Clinton must take lessons from ’08 to beat Bernie

By Julian Routh: Editor-In-Chief 

 

Democratic presidential candidates Hillary Clinton and Sen. Bernie Sanders speak during a break at the NBC, YouTube Democratic presidential debate on Jan. 17. In order for Clinton to beat Sanders, she will need to evaluate what went wrong with her campaign in 2008.

Democratic presidential candidates Hillary Clinton and Sen. Bernie Sanders speak during a break at the NBC, YouTube Democratic presidential debate on Jan. 17. In order for Clinton to beat Sanders, she will need to evaluate what went wrong with her campaign in 2008.

This column marks the beginning of “Capital Pundits,” a political blog featuring daily analysis and commentary on the 2016 Presidential Election by Julian Routh and the staff of The Duquesne Duke. You can read this article and more online at
www.capitalpundits.com.

If anyone knows how dangerous it is to underestimate your opponent come primary election season, it should be Hillary Clinton.

After all, the former secretary of state was the heavy favorite for the Democratic nomination in 2008 before a young senator from Illinois, Barack Obama, pulled off one of the greatest upsets in presidential election history.

But as the Iowa caucuses (Feb. 1) and New Hampshire primary (Feb. 9) quickly approach, it doesn’t seem like Clinton has learned much from her past; her campaign advisors recently said she “made serious miscalculations” by underestimating the strength of her competitor, Vermont Sen. Bernie Sanders.

Those miscalculations have opened the door for a political movement within the Democratic voter base — a movement that could thwart Clinton’s presidential ambitions and bring on a repeat of ’08. It is no longer apt for Clinton to narrow her vision toward the general election; instead, she should treat Sanders like she failed to treat Obama.

When Obama beat Clinton for the nomination in 2008, he channeled the party’s inner frustrations about the failed Iraq War into a genuine, fiery message of hope and change. Using the 2006 midterm elections as his guide, he appealed to the many voters who were fed up with the politics of Washington and wanted a progressive in office.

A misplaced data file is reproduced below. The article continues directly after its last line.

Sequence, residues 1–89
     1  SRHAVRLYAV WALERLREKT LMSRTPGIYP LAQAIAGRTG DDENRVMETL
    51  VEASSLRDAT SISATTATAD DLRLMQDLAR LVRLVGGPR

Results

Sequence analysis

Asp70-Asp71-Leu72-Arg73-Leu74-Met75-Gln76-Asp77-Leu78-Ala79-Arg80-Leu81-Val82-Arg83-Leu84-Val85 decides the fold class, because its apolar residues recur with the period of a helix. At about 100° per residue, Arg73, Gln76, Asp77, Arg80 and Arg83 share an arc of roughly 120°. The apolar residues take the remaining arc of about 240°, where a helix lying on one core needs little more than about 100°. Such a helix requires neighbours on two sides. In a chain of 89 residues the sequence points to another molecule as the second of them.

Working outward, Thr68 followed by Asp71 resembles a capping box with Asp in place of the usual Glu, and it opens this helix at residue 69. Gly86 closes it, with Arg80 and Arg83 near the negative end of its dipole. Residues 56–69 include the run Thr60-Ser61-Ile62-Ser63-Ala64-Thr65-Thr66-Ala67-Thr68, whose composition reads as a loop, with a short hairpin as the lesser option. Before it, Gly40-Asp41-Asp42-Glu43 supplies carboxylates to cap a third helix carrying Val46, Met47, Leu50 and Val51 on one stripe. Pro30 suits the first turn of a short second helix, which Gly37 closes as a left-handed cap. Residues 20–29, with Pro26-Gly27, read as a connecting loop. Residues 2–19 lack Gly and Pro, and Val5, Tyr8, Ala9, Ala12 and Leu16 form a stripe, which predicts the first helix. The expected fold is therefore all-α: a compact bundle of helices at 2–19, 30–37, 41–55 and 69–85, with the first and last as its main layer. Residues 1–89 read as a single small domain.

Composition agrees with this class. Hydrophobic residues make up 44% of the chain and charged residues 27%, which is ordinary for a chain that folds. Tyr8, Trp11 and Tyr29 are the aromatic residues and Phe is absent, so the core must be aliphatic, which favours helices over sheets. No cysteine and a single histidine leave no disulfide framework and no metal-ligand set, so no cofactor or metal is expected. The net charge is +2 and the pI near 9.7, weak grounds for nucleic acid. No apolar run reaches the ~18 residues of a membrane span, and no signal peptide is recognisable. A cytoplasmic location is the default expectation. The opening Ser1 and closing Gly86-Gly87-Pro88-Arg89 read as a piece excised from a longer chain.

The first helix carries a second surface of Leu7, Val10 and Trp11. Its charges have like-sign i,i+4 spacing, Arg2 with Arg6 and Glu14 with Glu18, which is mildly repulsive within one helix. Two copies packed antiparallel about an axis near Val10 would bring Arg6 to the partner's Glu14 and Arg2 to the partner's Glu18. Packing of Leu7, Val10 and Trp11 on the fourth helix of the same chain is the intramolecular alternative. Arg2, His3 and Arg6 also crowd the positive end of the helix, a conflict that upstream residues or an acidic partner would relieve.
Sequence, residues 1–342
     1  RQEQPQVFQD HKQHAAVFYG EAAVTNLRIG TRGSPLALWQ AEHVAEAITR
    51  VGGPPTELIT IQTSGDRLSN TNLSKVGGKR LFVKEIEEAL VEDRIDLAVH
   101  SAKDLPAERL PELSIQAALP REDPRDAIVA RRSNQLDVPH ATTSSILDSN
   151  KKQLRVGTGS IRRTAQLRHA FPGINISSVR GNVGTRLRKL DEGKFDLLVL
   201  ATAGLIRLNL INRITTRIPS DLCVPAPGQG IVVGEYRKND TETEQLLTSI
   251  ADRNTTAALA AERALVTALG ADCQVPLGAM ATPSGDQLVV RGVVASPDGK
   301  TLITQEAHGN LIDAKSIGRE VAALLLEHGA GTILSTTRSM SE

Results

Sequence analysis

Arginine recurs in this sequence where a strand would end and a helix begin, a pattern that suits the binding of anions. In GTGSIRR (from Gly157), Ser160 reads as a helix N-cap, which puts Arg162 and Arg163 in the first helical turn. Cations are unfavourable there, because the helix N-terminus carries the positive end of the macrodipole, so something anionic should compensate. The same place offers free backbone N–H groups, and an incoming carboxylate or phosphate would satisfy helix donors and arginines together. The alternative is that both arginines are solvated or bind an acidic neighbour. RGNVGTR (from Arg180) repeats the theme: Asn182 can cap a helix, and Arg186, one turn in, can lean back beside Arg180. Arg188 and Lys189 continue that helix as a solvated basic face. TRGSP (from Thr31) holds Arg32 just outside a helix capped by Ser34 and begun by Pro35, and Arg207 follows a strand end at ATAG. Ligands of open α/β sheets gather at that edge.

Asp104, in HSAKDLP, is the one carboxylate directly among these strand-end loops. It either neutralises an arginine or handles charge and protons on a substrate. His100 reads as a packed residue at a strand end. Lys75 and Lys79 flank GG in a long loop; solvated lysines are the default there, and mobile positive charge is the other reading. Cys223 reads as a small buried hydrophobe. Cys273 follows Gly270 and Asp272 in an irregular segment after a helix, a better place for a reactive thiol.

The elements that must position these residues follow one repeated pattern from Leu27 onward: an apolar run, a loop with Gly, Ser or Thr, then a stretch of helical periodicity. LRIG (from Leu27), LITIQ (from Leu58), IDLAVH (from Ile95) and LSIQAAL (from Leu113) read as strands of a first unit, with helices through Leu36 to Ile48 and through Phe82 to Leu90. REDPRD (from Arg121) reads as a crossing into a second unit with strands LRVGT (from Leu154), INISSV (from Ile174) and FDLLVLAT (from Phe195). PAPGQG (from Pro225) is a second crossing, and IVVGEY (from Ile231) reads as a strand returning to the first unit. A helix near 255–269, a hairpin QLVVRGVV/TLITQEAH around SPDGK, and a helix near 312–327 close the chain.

He poured time and money — which he earned mostly from small internet donations — into his campaigns in Iowa and South Carolina, which proved to be paramount wins. And he became an internet phenomenon by connecting with key demographics on a personal level.

Sounds familiar, huh?

Since launching his campaign last May, Sanders has inspired voters with his rallying message that American political and economic systems favor the wealthy. Like Obama’s focus on Iraq, Sanders has targeted Wall Street corruption to galvanize and empower the Democratic voter base.

He has built a strong donor base to rival that of Clinton, whose network of Washington connections is enough to fuel any candidate financially. But Sanders has kept up, fundraising $33 million in the final quarter of 2015 to Clinton’s $37 million.

And even though Clinton has dedicated most of her resources to the early contests, Sanders has closed the gap in Iowa and has taken a sizeable lead in New Hampshire, according to recent polls.

That’s not to say that Clinton has slept through primary season. Recent national polling data shows she still has a substantial lead over Sanders. She appears to be on track to win most March and April primaries, as well as the black, Hispanic and moderate vote in the south.

But if her campaign honestly believes she can survive losses in Iowa and New Hampshire and still capture the nomination, let 2008 be a guide. It didn’t happen then, and it won’t happen now if she doesn’t inspire the electorate or fear her opponent.

After Obama won in 2008, think tank analyst and New Democrat Network founder Simon Rosenberg said, “the single most important thing that happened was the Clinton campaign always underestimated Sen. Obama.”

History rarely gives second chances, but Clinton has one now and should take this opportunity to capitalize.

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